Chief Executive Carrie Lam has said that the government is willing to put in more resources to ensure the controversial MPF offsetting mechanism is scrapped.

The mechanism allows employers to use employees’ Mandatory Provident Fund to pay long-service and severance payments. The use of pension funds has been criticised by labour groups.

The issue was described by Lam as one of the three most difficult issues to solve, the other two being MTR fare pricing and issues surrounding Link Real Estate Investment Trust – a group which owns several public housing estate shopping malls.

Carrie Lam. File photo: Tom Grundy/HKFP.

Lam said ahead of Tuesday’s weekly Executive Council meeting that the government will invest over HK$15 billion reserved in the annual budget to help scrap the mechanism.

Local media have cited unnamed government sources as saying that the figure could rise to HK$17.5 billion.

“This matter has been under debate for so long in Hong Kong, and MPF has existed for almost 20 years – it is time to change the system,” she said.

“We will try our very best to convince the employer groups and the business chambers that this off-setting feature is actually undermining the very purpose of setting up a Mandatory Provident Fund, which is to preserve the benefits for the retirement protection of employees in Hong Kong.”

“Now that the Government has demonstrated the needed political resolve to address this issue and to put in extra funding, I hope that we will be able to convince the employers. But as I said, we’ll try our best.”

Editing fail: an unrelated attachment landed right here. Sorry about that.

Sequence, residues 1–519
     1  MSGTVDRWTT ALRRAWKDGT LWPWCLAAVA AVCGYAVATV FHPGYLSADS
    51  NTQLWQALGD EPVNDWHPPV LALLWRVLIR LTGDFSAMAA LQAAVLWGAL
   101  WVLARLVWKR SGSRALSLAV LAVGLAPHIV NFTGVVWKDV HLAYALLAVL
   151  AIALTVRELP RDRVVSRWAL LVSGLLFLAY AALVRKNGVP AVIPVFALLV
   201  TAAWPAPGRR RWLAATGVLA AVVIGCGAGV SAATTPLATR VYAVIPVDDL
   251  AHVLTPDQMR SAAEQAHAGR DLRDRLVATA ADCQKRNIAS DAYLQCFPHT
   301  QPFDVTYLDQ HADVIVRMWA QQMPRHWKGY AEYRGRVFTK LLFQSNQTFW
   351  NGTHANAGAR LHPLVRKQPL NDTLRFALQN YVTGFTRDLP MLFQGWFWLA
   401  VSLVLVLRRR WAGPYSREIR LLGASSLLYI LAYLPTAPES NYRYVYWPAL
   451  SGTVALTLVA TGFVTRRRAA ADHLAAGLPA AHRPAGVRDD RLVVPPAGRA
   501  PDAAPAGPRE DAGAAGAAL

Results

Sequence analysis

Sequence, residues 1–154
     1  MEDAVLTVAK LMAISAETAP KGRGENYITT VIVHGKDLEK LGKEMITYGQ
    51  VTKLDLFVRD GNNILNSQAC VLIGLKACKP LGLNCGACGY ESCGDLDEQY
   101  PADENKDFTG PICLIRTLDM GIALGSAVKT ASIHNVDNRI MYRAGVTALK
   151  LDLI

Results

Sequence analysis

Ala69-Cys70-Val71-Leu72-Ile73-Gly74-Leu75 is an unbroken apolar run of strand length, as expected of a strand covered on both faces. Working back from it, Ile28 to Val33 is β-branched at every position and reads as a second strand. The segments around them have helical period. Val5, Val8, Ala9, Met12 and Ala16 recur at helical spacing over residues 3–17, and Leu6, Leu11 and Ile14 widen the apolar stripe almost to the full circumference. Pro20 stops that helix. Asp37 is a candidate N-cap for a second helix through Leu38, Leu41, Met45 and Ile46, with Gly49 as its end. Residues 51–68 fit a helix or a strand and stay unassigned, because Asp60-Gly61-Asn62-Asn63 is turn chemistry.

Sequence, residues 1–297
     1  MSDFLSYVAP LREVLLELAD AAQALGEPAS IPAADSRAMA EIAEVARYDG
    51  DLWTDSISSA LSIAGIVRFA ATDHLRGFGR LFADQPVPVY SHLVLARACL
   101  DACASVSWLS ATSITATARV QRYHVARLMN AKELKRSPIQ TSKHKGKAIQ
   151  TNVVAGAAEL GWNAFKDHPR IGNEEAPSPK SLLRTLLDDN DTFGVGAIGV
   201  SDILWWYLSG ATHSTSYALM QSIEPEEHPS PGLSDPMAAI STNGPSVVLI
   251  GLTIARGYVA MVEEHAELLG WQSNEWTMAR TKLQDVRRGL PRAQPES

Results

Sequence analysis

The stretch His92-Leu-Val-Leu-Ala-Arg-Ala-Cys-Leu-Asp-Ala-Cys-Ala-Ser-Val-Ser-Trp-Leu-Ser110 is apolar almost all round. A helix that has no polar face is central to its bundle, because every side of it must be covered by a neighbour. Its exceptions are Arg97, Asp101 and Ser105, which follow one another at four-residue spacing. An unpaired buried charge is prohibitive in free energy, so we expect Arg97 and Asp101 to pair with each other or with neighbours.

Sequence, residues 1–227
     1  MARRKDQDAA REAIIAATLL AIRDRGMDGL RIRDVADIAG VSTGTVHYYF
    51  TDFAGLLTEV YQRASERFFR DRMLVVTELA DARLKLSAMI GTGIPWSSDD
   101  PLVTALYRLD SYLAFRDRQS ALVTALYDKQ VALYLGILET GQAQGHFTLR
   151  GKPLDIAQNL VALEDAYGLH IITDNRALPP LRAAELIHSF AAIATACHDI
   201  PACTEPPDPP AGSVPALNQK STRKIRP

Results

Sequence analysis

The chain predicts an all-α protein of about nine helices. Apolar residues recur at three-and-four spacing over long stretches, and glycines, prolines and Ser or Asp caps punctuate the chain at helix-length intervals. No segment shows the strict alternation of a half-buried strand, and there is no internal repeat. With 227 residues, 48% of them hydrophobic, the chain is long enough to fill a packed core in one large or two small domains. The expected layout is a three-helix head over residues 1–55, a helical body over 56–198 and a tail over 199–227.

Policy Innovation and Coordination Office

Meanwhile, Lam said the Policy Innovation and Coordination Office has successfully chosen some 20 young people to join. The office was previously known as the Central Policy Unit.

The government received 2,256 applications and the best 80 were invited to be interviewed. They two committees extended the invitations consisted of some members from outside of the administration.

Lam said that 90 per cent those chosen were under 35, and 70 per cent of the 80 who attended interviews had masters’ degrees. The chosen candidates will begin work between April and June.

Kris Cheng

Kris Cheng is a Hong Kong journalist with an interest in local politics. His work has been featured in Washington Post, Public Radio International, Hong Kong Economic Times and others. He has a BSSc in Sociology from the Chinese University of Hong Kong. Kris is HKFP's Editorial Director.